“I’ll find Emma, and then I’m coming back for you, and we’re all getting the hell out of here,” I said, biting the side of my cheek because I was about to turn my back and run away from my brother when he looked close to dying for the second time.
I made it quick, giving him a raw smile before I rushed down the tunnel, feeling everything blur around me as I couldn’t seem to get to Emma fast enough now that I knew for certain she was down here.
The vast room was still empty and too silent. They knew I was here; they knew what I was doing.
Maybe this all was a trap, but I didn’t care. They had my brother and they had my girl. I’d run into that trap every time.
Choosing the next tunnel over, I teleported to the mouth of it and started charging down the hall. This hall was dark, dank, and everything you’d expect a naturally made tunnel a couple dozen feet beneath the surface of the earth to be like. It made me feel a little claustrophobic, like the walls were coming closer together with each lunge forward. It made me want to turn around and forget I’d ever been in such a place.
But this was also the tunnel Emma was in. I could feel it deep inside the marrow of my bones. So, instead of turning around, I sped up, wondering how deep into the earth I’d get before I found her.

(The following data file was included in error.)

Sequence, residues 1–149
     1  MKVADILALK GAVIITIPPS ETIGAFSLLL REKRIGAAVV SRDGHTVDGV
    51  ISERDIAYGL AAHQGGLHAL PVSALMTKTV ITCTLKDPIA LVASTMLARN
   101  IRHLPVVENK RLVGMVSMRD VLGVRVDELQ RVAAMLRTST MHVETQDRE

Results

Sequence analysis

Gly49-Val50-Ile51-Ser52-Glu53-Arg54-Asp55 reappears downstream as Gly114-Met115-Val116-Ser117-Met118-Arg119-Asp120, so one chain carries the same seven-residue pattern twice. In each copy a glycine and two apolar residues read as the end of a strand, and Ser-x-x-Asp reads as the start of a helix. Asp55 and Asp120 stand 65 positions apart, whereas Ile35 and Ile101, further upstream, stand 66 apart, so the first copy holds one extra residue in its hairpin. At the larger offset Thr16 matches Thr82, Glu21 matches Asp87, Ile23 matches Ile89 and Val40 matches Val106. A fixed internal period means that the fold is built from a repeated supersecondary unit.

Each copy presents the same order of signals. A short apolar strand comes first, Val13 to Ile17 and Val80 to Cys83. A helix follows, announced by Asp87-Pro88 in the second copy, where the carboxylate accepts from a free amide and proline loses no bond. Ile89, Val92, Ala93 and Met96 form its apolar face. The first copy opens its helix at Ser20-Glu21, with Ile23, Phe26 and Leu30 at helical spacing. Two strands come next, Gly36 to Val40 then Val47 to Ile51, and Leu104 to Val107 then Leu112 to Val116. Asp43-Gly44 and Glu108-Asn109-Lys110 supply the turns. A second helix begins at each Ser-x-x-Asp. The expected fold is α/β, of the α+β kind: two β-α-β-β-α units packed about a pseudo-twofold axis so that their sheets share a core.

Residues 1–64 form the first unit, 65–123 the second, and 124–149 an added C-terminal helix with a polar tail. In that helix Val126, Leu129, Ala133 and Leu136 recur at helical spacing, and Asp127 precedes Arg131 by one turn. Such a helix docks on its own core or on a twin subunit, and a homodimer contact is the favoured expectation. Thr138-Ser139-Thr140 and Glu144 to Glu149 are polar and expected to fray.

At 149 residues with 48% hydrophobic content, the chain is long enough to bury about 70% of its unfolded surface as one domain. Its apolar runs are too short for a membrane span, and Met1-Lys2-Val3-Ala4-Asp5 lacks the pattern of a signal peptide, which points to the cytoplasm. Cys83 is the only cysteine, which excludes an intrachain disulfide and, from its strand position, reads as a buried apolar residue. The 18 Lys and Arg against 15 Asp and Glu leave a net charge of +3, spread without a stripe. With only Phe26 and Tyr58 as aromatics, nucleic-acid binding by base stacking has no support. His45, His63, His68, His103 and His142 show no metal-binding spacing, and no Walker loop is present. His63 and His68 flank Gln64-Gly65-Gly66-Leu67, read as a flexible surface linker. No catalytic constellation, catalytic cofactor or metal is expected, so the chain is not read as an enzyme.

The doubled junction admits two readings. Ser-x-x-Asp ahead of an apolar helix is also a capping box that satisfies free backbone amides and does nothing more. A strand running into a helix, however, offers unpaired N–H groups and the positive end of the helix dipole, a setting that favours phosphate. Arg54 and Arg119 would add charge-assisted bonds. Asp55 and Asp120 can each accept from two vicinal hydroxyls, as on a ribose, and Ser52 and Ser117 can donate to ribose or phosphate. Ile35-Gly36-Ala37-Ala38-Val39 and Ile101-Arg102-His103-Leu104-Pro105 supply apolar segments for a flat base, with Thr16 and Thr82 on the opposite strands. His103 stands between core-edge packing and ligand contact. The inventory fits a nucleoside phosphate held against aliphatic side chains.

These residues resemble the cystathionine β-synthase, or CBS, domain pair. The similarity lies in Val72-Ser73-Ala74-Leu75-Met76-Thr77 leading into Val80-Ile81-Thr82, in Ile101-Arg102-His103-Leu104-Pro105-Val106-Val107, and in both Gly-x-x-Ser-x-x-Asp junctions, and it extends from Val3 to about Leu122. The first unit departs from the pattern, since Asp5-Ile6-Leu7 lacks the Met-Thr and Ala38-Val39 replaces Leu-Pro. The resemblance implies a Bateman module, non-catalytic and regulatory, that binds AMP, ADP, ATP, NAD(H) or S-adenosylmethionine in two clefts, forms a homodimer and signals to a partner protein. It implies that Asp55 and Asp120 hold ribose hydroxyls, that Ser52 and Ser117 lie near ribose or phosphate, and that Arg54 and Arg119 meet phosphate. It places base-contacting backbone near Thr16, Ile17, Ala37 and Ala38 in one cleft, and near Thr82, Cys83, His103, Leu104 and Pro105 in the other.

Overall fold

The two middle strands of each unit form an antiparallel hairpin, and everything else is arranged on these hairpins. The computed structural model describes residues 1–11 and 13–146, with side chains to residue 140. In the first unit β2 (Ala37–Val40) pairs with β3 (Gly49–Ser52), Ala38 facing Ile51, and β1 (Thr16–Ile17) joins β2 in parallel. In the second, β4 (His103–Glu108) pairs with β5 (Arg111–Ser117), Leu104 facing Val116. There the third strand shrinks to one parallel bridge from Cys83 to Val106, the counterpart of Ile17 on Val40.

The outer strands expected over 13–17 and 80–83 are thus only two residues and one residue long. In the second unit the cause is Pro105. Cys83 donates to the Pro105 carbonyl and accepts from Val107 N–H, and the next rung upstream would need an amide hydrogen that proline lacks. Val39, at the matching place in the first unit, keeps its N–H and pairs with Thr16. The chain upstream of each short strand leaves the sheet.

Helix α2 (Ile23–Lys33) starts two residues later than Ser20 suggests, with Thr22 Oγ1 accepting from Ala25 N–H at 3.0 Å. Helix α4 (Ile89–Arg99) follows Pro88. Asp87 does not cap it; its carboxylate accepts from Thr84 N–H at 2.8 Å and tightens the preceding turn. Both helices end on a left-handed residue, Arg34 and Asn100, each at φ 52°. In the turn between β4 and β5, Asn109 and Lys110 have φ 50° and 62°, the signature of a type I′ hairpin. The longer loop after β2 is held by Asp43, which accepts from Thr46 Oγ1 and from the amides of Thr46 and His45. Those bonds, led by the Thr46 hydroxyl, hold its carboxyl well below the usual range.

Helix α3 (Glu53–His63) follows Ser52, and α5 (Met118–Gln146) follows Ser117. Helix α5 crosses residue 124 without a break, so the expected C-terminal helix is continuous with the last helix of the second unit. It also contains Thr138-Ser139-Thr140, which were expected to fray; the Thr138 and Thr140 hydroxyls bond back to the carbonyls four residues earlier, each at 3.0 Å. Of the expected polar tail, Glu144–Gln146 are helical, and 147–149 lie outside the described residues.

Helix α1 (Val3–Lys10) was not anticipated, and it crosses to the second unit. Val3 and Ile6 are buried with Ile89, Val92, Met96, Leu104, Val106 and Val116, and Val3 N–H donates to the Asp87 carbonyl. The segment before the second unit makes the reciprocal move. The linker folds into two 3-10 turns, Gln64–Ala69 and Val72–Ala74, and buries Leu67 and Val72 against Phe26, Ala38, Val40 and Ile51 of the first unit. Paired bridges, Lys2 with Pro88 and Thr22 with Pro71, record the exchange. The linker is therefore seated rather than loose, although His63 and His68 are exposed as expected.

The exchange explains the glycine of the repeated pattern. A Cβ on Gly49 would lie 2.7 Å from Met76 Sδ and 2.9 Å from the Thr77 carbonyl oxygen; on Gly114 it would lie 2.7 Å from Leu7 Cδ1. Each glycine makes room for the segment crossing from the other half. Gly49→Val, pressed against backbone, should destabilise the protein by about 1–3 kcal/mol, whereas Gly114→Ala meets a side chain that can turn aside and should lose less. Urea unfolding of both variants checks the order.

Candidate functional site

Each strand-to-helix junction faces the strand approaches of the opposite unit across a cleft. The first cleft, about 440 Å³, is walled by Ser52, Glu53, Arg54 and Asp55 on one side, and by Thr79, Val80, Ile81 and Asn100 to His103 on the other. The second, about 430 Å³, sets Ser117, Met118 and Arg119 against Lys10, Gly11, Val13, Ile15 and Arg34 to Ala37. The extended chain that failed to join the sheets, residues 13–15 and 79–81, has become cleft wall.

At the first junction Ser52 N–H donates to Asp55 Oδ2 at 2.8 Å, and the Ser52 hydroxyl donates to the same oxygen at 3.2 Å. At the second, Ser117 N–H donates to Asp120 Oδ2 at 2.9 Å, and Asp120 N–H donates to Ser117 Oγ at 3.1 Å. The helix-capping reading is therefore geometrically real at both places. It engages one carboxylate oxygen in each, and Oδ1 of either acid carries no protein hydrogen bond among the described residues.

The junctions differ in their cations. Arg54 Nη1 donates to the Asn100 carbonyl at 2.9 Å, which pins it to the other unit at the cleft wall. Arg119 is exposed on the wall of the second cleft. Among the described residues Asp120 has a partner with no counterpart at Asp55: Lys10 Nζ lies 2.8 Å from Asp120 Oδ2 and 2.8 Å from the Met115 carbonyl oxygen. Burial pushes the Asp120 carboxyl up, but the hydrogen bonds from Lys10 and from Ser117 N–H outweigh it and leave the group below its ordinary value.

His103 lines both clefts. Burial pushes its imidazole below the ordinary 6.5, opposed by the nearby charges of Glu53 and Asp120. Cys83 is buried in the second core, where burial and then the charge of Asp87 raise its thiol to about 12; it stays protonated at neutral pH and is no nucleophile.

Another mile had ticked off when the tunnel started to widen, opening into another room that was dotted with lights powered by the humming generators. I ran faster because, in the center of that room, illuminated by the harsh lights stationed around the room, was Emma. Tied up to the same kind of metal pole sticking out of the ground Joseph was, gagged, and blindfolded.
I couldn’t see a mark on her, nothing that would give away Troy and his band of ruffians had treated her harshly. It took a solid month before the last remnants of the physical damage Ty had done to her had faded away, and if Troy did anything to her to bring those bruises back to the surface, I feared what I would do.
I wouldn’t have put it past myself to hunt down every last Inheritor associated in any way, shape, or form with Troy and kill every one of them.
Bursting ahead, Emma’s head snapped to attention, like she’d just woken from a bad dream. She couldn’t see me because of the blindfold, she couldn’t hear me because I sprinted for her noiselessly, but she knew I was here. The lines etched into her face flattened for one moment of relief before they reformed, lining deeper than before.
Twisting against her restraints, trying to squirm free, her mouth moved against her gag. No noise came out other than a muffled grunt. I didn’t slow, I couldn’t. I was so close to her finally, nothing could stop me. Not even her head thrashing from side to side in warning, as two tears leaked down her cheeks.